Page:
- signing off on a list of disclosure (so that all parties know of all documents which have a bearing on the case); and
- laying of an information in a Magistrates’ court.
If a barrister is authorised to conduct litigation:
- They must within an agreed timescale, or within a reasonable period of time, comply with any undertaking they give in the course of conducting litigation (Rule C11 in the BSB Handbook);
- This does not affect the prohibition on receiving or handling clients’ money, except as payment for fees (Rule C73 – C75). The prohibition means that a barrister cannot make disbursements on behalf of a client; for example, by paying court fees or witnesses’ expenses;
- They must, if they are of less than three years’ standing, have a ‘qualified person’ for conducting litigation at their principal place of practice or, if they are practising in a dual capacity, at each of their principal places of practice (Rule S20.2).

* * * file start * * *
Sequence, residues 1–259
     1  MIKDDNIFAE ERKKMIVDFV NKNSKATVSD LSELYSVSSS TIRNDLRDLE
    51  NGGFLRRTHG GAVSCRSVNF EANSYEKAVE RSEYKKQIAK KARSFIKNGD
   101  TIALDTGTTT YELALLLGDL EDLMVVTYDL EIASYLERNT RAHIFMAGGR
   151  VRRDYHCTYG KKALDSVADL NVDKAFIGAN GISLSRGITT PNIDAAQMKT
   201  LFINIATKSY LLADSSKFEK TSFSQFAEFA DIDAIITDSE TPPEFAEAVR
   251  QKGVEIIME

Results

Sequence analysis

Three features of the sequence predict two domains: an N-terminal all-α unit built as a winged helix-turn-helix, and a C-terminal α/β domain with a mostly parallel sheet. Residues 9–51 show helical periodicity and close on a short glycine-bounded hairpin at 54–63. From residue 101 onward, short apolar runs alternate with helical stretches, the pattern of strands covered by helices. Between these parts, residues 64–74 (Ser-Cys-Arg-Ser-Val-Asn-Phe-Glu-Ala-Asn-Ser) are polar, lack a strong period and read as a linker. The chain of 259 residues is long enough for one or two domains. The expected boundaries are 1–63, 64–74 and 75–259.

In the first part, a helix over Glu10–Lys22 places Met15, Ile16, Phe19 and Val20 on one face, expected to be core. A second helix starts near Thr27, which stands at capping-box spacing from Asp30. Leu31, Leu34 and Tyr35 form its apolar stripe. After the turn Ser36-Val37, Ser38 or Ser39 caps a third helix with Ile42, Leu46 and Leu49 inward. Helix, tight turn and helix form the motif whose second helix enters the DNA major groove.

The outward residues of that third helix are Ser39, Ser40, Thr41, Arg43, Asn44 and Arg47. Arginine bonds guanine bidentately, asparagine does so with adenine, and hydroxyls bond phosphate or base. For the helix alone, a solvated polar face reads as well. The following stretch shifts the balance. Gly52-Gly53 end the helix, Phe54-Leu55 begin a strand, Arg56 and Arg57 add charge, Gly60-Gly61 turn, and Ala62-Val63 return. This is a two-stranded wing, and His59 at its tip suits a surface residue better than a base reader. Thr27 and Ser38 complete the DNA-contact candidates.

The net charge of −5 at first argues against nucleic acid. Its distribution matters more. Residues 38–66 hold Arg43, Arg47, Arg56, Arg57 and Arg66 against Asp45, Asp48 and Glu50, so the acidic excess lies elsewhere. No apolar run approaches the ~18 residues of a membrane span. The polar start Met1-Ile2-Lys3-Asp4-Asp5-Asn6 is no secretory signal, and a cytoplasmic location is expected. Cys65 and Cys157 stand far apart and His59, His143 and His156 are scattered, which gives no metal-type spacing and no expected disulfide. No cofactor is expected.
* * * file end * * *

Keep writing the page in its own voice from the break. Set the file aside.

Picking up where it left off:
- This does not affect the prohibition on undertaking the general management, administration or conduct of a client’s affairs (Rule S25); and
- They may act as a ‘professional client’ i.e. instruct another barrister on behalf of a client. The definition of ‘professional client’ in the BSB Handbook states that ‘any BSB authorised person who is authorised to conduct litigation’ may give instructions to a barrister.
GET IN TOUCH
If you would like to discuss your tax situation, and you feel that a Direct Access or Licensed Access barrister can assist you with legal advice and representation then please don’t hesitate to get in touch with the clerks using the contact form.